Great leaders know it feels good to be recognized for our accomplishments—and even better when “constructive criticism” is actually constructive, without the criticism.
The mere mention of feedback in some organizations can put people in a defensive state. However, if organizations can create a culture of feedback – understanding how others experience us provides valuable opportunities to learn and grow as leaders.
So what is feedback culture? And why do leaders need to create it?
Feedback Culture: Rooted in Candid Communication
Having a feedback culture in your organization rests on a very important foundation: frequent, two-way, honest and candid communication.
When a regular cadence of authentic and honest feedback is implemented, employees are empowered to give feedback, regardless of organizational hierarchy.
So why does it often prove so hard?
The Feedback Struggle is Real
Organizations and managers struggle with feedback for a variety of reasons; but the ones we see most often include:
- Ambiguity On Feedback Outcomes: The result of giving feedback is potentially scary or uncertain and, therefore, leaders, employees and managers avoid it altogether.
- Lack of Structure or Resources: There is no formal process for collecting or garnering feedback, making it difficult to know when and where feedback is appropriate.
Leaders Set the Tone
Feedback also improves employee engagement, a huge indicator of how vital a company’s culture—and future success—will be. High employee engagement means higher morale and therefore productivity and achievement. Everyone wins.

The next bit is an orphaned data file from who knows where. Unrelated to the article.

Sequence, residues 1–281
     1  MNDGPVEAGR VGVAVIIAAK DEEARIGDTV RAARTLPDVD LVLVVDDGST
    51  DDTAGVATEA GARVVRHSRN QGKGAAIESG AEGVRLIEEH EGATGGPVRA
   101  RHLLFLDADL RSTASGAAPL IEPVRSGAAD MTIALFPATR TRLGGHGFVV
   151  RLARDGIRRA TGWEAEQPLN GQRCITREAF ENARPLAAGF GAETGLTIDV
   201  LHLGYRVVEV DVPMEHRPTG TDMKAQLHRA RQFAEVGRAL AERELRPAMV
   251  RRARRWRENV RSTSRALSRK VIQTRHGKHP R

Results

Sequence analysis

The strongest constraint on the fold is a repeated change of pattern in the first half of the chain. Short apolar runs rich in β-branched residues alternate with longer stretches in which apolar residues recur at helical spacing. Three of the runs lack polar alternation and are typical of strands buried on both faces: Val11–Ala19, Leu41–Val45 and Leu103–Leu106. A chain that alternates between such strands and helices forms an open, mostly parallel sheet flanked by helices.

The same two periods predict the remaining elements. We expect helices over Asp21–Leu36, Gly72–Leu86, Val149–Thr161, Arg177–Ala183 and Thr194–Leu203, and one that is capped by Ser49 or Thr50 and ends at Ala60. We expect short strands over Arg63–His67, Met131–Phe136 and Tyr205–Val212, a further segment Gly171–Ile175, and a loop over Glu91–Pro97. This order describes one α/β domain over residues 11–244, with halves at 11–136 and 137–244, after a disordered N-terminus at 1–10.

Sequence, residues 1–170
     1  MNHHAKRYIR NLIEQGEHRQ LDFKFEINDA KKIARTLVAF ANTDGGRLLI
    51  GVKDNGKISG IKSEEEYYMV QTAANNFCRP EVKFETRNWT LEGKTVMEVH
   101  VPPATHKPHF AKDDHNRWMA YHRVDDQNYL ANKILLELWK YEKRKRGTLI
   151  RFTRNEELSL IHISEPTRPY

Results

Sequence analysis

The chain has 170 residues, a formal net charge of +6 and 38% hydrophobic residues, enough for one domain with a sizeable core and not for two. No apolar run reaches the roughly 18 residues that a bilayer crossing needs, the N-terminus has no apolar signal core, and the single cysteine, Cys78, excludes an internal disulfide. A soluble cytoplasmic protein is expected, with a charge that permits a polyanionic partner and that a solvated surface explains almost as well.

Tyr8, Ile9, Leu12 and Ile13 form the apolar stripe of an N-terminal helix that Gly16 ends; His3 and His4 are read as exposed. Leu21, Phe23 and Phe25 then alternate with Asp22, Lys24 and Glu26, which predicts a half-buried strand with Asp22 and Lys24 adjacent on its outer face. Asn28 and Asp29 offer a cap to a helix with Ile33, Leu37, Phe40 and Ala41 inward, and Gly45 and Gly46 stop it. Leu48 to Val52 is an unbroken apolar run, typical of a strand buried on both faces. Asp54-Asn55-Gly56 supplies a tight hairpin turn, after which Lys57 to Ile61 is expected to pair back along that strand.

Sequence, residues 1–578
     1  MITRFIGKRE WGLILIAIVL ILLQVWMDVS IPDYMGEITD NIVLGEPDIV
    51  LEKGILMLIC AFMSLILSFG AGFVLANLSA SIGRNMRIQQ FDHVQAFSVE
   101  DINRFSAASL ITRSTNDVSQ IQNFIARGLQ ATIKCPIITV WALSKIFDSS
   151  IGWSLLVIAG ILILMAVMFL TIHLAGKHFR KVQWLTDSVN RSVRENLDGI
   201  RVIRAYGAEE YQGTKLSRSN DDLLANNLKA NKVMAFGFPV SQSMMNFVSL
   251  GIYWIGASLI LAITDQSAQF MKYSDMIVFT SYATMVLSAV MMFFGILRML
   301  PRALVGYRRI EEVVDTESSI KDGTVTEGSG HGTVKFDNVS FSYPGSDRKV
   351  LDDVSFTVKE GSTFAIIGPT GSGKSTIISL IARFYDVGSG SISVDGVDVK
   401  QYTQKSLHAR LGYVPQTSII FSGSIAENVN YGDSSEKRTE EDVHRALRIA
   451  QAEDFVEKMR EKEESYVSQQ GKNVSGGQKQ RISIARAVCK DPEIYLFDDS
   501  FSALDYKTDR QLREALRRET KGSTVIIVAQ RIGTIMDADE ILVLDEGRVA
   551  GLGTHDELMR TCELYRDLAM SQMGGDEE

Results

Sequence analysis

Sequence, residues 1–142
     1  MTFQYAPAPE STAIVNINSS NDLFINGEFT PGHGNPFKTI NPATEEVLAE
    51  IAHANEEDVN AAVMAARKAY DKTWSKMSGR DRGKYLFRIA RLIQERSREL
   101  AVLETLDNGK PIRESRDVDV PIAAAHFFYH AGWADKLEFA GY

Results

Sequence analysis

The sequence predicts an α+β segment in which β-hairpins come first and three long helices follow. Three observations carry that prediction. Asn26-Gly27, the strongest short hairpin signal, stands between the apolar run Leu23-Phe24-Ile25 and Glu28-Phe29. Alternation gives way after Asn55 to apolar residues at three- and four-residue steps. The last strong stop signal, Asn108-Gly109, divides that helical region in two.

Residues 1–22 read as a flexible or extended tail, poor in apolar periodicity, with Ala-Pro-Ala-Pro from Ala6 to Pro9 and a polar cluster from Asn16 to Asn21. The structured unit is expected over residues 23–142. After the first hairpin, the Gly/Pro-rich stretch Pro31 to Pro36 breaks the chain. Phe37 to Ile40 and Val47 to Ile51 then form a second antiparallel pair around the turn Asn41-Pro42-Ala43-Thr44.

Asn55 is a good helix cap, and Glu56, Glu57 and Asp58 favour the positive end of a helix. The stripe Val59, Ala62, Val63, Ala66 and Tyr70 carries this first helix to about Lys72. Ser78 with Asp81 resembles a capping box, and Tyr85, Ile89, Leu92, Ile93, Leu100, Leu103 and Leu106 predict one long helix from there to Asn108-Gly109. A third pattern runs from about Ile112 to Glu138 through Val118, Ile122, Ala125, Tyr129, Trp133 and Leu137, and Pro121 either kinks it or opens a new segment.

In fact, 88 percent of employees believe a strong company culture is what will make the business successful. And 94 percent of executives agree.*
Leaders set the tone for how feedback is given and received and must show a level of compassion and vulnerability in communication throughout the organization.
The First Step is Asking for Help
We love to help leaders lead—and implementing an open environment of candid communication and collaboration, where two-way feedback is welcomed, is an important step.
The second step is having critical conversations in a timely manner, meaning, before there is a problem.
The third and most important step is scaling the skills and tools across the organization to successfully have ongoing feedback conversations.
ORCA’s Engagement Report from TTI helps leaders understand themselves, and others, and make the most of the relationships that affect them in the workplace. It gives people a language for having difficult conversations, greater awareness of themselves, and a structured opportunity to give and receive feedback.